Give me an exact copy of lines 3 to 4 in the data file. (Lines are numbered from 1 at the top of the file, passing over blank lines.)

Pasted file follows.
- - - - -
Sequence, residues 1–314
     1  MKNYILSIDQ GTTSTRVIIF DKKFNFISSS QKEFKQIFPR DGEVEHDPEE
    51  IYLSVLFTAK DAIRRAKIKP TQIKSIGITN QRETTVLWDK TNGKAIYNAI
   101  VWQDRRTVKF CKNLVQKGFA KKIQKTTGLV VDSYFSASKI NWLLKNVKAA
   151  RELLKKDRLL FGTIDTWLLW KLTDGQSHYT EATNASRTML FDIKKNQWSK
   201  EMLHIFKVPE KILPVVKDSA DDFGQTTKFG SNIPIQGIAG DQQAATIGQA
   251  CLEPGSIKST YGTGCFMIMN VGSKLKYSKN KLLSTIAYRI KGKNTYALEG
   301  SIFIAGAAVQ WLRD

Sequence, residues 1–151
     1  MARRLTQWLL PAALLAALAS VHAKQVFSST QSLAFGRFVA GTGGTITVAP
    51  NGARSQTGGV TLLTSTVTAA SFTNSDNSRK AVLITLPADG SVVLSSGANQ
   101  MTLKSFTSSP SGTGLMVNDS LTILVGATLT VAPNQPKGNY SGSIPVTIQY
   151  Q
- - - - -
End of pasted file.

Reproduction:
    51  IYLSVLFTAK DAIRRAKIKP TQIKSIGITN QRETTVLWDK TNGKAIYNAI
   101  VWQDRRTVKF CKNLVQKGFA KKIQKTTGLV VDSYFSASKI NWLLKNVKAA